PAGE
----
At first you might think, what’s the point of 4K on a 27-inch monitor? Can you even tell the difference, at this size, between 3840×2160 and 2560×1440? Well, thanks to the improved scaling functionality in Windows 10 yes, yes you can.
During 2015, notebooks started to hit the market with extreme resolutions, culminating in the Surface Pro 4’s beautiful 2734 x 1824 12.3-inch display. Despite the Surface’s many teething problems, it was one of the best places to look at Windows 10.
Now, a similar level of crispness and clarity comes to a standalone monitor. The 27UD88-W is an IPS display which means very even lighting and wide viewing angles. It supports FreeSync and has a 60Hz refresh rate which, combined with a bunch of genre presets including “RTS” and “FPS” makes it a reasonable choice for the cashed-up gamer.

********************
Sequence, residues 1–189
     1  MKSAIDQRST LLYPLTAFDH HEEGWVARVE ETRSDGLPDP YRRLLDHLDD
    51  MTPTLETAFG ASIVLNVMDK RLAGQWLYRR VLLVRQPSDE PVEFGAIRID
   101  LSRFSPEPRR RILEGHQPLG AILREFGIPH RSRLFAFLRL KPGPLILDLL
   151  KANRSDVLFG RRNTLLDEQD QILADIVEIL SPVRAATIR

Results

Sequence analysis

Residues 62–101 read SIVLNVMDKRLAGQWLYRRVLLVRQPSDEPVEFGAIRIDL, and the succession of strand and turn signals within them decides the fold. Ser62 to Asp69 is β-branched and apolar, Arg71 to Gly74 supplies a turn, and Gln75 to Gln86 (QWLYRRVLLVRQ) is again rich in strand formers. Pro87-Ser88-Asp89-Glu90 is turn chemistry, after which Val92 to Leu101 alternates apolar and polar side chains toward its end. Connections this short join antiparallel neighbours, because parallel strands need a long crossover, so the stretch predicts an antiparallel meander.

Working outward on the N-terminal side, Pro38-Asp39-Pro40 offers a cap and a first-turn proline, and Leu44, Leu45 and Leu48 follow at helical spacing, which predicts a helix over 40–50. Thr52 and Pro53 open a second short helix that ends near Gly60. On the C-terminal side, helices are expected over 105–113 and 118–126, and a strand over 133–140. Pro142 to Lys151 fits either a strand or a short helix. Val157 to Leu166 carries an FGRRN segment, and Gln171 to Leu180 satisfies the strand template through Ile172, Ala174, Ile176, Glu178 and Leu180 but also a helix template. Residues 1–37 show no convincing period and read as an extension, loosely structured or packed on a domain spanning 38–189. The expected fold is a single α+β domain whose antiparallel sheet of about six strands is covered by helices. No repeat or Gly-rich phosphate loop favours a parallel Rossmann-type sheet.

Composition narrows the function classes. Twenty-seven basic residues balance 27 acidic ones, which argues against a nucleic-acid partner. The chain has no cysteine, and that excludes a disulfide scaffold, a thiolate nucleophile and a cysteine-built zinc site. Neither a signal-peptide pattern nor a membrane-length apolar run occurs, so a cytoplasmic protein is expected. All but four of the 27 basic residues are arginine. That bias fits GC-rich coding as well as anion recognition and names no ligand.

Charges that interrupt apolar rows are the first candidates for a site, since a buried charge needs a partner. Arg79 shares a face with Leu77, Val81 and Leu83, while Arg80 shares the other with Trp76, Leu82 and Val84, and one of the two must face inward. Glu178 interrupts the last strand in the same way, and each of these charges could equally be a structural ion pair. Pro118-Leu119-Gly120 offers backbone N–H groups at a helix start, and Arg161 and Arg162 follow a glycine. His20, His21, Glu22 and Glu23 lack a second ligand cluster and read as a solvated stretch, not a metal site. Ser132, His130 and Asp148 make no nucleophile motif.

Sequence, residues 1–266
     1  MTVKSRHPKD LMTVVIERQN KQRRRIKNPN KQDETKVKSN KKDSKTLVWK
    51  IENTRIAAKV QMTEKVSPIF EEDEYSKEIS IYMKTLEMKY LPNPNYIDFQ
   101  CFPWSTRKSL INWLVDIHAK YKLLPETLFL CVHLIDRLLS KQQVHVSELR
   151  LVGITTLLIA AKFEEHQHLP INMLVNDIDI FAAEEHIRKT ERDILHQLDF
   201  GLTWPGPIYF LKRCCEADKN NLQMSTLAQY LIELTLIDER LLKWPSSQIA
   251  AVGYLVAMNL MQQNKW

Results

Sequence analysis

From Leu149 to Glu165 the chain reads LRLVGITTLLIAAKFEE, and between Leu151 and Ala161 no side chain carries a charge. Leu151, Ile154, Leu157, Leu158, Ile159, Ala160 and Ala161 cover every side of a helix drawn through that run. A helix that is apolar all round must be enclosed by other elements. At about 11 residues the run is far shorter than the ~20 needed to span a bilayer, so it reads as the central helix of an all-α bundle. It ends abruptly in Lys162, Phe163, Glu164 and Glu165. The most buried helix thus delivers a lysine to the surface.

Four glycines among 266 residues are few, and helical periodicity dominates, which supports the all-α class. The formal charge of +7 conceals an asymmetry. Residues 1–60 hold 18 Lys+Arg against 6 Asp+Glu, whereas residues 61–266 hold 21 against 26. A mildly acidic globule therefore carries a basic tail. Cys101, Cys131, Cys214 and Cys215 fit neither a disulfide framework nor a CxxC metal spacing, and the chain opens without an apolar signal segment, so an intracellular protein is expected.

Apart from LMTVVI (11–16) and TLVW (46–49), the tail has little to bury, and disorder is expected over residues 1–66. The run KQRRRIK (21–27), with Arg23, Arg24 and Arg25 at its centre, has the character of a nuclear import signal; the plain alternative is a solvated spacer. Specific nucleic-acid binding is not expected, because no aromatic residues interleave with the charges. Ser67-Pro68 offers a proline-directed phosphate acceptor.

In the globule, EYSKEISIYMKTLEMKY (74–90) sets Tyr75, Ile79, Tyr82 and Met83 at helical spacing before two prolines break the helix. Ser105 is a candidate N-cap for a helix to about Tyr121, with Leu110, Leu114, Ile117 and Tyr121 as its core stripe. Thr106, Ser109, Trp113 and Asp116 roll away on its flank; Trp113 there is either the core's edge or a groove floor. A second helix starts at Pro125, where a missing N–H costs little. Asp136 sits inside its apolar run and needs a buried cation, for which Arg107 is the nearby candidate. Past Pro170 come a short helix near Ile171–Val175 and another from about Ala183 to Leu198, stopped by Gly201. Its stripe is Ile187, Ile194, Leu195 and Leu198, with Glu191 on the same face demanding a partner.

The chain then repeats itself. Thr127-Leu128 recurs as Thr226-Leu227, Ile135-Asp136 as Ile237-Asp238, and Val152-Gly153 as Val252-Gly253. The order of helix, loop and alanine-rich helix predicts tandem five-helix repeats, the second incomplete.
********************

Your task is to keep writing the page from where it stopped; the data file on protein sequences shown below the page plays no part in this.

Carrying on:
Around the back, a collection of ports includes 2x USB-B 3.0 ports and an USB Type-C upstream port to connect the monitor to the PC as a hub. Oddly there are no Type-C outputs but the regular ports do support quick charge for your various devices.
On the plus side, this single Type-C port can transport data, video and power to a laptop, making it an ideal companion for a MacBook or Samsung’s TabPro S.
The 27UD88-W has very good colour accuracy, and covers 97.6% of the sRGB spectrum. That’s very good rather than amazing, but it does make the monitor a candidate for a serious work display.
Photographers and designers will also be pleased by the many adjustment options, right down to the levels of cyan and magenta, along with lots of presets. There’s also BPB too for displaying 2, 3, or 4 sources at once.
Throw in a very slim bezel and sleek silver and white styling, and you have a very attractive 4K monitor for work and play. Being a 27-inch display keeps it compact, but at this price even 28 inches would make the purchasing choice a little easier.
[relatedYouTubeVideos relation=”postTitle” max=”1″ class=”horizontal center bg-black”]